Today marks 34 weeks in my second pregnancy. My first pregnancy was rather breezy—we had no complications (except elevated blood pressure at the end, which required an induction that went very well). There was some discomfort here and there and, of course, the uncertainty of it all was scary at times—but I had very little to worry about from beginning to end.
But you know what I did? I worried. A lot.
Turns out it’s hard to be a new parent even before the baby starts demanding clean diapers and food and all that.
This time, I’m feeling much more relaxed about the whole thing. Knowing what I know now, it’s easy to let this pregnancy progress without a second thought most days. Give the belly a pat, smile happily at a big baby wiggle, and hope I don’t have to wake up more than twice to pee tonight—that’s life this time around. I wish it was more like this the first time. So here’s what I learned looking back, in case it helps another new mom take an extra breath today (although, let’s be honest—it probably won’t, because new moms are always going to fret!)
1. Everything seems like a big deal. Very few things actually are.
Can I eat lunch meat? Shouldn’t I feel nauseous? 280,591,056 of these questions hit me every day during my first pregnancy. The fact is, in a typical pregnancy, the answer is often “It’s no big deal, don’t worry!” Always ask your doctor. But know that eating well, being active, and staying hydrated are the best things you can do for your baby. Simple as that!
2. Follow your gut.
Medically, red flags during pregnancy tend to be pretty clear. But no matter what’s going on, never hesitate to call your doctor. Even if whatever is worrying you turns out to be nothing, there’s no peace of mind like the kind you get once everything checks out okay! You’re made to be a mom. Your body can do this. But your instincts will help.
3. Don’t give a bother what other people say or think.
The only opinions that matter are your doctor’s, your spouse’s, and your own. Take good advice where you get it, listen to people who have genuinely well-meant suggestions to offer, and ignore all the noise.
4. Give yourself a break—and don’t feel guilty for it.
You are pregnant and shouldn’t feel bad for needing some extra help (or sympathy) now and then. Stay confident, and buck up for the inevitable tough stuff. Every day it will get a tiny bit more exhausting, painful, or inconvenient. But you’ll get through it. So just give yourself some extra rest and a lot of wiggle room—physically and emotionally—when you need it, and you’ll be better able to handle it the rest of the time.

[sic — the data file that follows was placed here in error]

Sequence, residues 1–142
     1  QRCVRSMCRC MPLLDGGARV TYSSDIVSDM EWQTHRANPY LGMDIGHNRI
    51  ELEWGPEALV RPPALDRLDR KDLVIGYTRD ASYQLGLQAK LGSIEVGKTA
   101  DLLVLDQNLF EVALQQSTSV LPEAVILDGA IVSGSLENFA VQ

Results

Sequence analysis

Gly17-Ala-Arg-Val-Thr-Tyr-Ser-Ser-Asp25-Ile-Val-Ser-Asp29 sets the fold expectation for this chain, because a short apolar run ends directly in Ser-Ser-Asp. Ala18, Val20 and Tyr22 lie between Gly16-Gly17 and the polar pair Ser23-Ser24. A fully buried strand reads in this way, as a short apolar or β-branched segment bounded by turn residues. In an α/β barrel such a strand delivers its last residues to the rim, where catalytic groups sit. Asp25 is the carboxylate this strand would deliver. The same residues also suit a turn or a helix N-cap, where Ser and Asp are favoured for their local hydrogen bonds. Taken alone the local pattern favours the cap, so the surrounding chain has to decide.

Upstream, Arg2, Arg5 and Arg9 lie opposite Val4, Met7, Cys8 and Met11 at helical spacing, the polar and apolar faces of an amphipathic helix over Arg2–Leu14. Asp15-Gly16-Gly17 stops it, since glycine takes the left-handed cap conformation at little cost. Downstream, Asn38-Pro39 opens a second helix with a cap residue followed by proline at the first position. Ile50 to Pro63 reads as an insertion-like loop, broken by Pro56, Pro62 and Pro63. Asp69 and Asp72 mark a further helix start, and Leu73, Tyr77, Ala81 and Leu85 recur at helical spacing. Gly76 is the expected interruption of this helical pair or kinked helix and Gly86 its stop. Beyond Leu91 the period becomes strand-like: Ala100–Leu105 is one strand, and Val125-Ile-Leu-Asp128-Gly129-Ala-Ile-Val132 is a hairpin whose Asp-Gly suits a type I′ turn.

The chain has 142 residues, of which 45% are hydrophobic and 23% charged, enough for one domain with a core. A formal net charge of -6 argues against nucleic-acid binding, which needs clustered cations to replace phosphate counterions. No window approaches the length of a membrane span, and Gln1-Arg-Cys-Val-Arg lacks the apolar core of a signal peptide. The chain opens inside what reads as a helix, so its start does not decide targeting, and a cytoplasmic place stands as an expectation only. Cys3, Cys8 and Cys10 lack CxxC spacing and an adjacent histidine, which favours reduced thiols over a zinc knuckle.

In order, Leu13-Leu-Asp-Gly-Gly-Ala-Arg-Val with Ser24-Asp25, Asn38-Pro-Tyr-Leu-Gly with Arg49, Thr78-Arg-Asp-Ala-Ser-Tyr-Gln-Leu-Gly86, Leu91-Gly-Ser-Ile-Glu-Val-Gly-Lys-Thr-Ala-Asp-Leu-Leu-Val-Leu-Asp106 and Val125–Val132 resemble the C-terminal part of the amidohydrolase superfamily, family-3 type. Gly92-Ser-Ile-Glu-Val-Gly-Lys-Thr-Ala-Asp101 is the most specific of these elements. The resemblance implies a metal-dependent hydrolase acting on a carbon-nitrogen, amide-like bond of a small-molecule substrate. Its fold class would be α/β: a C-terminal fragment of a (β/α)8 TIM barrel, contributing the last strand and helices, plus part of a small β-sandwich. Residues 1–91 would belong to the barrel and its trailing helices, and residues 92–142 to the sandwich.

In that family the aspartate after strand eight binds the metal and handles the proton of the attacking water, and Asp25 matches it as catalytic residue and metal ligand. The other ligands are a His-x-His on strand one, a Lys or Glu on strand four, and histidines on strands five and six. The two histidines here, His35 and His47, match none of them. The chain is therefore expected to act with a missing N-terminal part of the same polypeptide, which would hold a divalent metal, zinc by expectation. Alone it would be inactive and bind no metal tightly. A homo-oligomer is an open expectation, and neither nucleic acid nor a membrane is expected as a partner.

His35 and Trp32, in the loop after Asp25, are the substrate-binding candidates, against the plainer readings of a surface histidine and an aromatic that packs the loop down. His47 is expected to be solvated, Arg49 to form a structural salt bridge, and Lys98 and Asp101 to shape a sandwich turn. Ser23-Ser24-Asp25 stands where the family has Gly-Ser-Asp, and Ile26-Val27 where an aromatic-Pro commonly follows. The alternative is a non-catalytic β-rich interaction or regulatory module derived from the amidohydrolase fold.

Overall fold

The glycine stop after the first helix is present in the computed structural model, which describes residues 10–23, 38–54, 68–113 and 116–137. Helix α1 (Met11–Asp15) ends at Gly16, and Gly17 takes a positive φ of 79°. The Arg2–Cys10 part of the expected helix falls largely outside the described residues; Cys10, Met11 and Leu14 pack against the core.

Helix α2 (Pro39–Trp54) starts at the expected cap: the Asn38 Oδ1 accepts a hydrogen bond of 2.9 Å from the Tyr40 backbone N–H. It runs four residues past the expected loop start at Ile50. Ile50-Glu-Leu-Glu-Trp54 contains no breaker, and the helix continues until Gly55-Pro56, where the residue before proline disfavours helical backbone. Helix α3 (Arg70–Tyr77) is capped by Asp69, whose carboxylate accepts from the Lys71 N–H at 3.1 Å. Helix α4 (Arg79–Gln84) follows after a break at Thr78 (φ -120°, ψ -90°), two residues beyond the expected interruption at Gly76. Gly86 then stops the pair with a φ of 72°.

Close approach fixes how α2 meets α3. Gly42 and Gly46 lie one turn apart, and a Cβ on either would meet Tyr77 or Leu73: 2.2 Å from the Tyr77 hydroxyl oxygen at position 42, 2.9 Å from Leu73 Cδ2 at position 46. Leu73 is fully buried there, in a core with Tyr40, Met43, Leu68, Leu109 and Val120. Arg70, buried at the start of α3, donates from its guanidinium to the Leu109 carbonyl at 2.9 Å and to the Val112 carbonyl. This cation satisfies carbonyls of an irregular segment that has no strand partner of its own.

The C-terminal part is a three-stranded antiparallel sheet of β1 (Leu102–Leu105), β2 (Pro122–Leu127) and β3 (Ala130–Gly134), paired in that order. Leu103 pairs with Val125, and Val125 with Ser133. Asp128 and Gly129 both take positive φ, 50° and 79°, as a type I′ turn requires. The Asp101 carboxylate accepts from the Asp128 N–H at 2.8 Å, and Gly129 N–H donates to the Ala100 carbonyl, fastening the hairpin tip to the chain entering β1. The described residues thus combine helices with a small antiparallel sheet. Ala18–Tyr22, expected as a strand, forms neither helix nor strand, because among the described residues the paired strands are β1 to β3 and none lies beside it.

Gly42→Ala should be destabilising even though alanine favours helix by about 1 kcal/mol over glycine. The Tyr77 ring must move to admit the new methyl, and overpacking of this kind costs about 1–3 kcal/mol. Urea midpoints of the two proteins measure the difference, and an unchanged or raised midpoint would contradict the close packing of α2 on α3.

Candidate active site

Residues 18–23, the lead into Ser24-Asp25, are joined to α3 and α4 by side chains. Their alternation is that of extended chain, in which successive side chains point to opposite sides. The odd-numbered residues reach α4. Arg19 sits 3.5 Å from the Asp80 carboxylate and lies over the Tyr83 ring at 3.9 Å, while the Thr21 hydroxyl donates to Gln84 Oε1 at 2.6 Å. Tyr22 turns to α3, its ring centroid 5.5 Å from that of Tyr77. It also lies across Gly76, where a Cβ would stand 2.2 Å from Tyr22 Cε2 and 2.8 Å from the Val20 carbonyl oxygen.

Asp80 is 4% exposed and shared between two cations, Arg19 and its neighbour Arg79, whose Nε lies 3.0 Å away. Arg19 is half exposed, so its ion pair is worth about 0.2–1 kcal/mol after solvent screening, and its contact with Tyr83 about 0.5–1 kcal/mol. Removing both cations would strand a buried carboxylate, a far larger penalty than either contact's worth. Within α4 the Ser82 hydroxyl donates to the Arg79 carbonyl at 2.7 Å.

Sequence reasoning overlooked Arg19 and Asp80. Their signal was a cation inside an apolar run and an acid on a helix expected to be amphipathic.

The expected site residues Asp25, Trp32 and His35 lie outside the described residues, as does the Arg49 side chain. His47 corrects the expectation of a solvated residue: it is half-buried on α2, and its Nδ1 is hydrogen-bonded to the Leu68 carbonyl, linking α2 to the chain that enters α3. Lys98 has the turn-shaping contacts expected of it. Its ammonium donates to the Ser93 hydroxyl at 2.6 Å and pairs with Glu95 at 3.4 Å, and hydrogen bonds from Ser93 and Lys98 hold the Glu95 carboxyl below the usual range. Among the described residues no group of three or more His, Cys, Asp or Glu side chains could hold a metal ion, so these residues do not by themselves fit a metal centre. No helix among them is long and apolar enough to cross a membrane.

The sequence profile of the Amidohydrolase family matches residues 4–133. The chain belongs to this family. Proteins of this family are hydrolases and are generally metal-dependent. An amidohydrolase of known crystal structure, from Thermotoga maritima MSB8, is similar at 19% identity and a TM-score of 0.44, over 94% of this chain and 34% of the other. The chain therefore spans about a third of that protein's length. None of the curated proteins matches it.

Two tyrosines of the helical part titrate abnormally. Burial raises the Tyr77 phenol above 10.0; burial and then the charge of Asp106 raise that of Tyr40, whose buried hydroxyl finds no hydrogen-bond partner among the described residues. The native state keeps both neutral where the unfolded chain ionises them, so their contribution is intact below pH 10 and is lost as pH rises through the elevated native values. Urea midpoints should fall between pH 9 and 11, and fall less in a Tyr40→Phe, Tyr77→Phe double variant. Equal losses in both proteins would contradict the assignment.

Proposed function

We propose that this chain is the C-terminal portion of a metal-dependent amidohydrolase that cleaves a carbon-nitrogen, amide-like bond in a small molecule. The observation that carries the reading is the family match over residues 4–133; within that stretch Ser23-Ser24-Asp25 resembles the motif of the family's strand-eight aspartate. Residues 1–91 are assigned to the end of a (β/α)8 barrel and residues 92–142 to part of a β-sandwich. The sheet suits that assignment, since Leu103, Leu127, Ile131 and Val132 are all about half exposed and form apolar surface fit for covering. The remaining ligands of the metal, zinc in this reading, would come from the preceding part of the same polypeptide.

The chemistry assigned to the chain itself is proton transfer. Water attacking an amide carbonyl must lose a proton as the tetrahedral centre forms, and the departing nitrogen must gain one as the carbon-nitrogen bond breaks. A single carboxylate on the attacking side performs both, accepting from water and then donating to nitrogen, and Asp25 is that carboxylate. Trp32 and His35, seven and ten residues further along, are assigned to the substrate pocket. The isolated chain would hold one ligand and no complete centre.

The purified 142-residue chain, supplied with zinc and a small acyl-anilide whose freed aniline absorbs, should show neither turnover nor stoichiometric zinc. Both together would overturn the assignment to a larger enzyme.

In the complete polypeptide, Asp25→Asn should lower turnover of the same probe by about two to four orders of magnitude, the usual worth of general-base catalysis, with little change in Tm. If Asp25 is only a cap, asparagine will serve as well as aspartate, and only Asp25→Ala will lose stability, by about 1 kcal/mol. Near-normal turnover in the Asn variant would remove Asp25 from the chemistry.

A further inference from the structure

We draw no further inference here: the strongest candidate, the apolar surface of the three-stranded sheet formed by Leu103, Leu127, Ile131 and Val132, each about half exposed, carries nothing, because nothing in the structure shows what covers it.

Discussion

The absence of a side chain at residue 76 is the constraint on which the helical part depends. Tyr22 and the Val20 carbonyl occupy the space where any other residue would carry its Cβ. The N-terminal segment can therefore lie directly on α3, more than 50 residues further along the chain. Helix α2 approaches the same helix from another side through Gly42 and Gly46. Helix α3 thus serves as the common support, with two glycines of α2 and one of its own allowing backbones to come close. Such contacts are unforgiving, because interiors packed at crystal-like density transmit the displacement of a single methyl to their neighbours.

5. Attachment is different for everyone.
Some women “know” their babies instantly. Others do when they give birth. Or a week after baby arrives. Your instincts will help you care for and protect your baby throughout this journey, even if it takes your emotions a little while to catch up. That’s totally normal and okay. Hormones are weird!
6. Expect a new normal.
When I had my daughter, I spent the first weeks waiting for things to “go back to normal” after she arrived. News flash: they didn’t. Things change. But you will find a new normal and you will love it. Just enjoy the time it takes to get to know your new family dynamics, and experiment with what works and what doesn’t.
7. Go see so many movies.
Seriously. This is the one thing that my husband and I can’t really do anymore with a toddler in tow. You can bring your kids out to dinner, out on errands, and basically everywhere else—but movie-watching will never be the same with an adorable, wiggly babbler in your lap. So, while you can, and even if you go by yourself (especially then), go and enjoy it.
8. Knowledge is power (usually).
So much that’s scary about pregnancy, labor, and delivery is scary because it’s unknown. Read books and articles, and ask the doctor questions. Talk to other moms. But do not turn to Google when you’re worried about something. If you have bothersome symptoms, tough questions, or any concerns at all, talk to your doctor FIRST. That’s the kind of knowledge you need.
BONUS: A Lesson from My Second Baby
Already in this pregnancy, I’ve learned some valuable lessons from our new baby. The biggest is that nothing ever stays the same, and that’s okay.
I felt very different early on in this pregnancy compared to my first, physically and emotionally. My symptoms had changed. My body reacted in new ways. And I looked a lot different (and still do). I was sort of expecting that, because my doctor and everyone else had told me “Every baby is different” long before he even came along.
However, what I wasn’t expecting was how much different I felt. If you’d have asked me how often I thought about the baby while I was pregnant with my first, I would’ve replied, “I don’t think I’m ever not thinking about her.” And in many ways, that’s still true this time. But I’m not worried or anxious or dying of anticipation this time. Things feel more second nature. I have a toddler to worry about, and she keeps my mind very busy—so this pregnancy tends to fly under the radar more often than not.
At first, I felt bad about that. I asked my husband, “Should I be worried that I’m so much less worried about this baby than I was the first time?” His response was something I’ll always remember.
“No, not at all. You love this baby just as much as the one we already have. This is just an easier love. It’s less stressful, but it’s no less strong.”
He, of course, was right. I do love this little boy as much as I always loved our little girl. But, so far, this guy doesn’t freak me out like she did. I don’t feel uncertain about my ability to carry him safely. I love them both equally because my first taught me that I can do this, and my second teaches me that I can trust myself to do it.
I can’t wait to see what else I get to learn from these (and any future) littles in my life.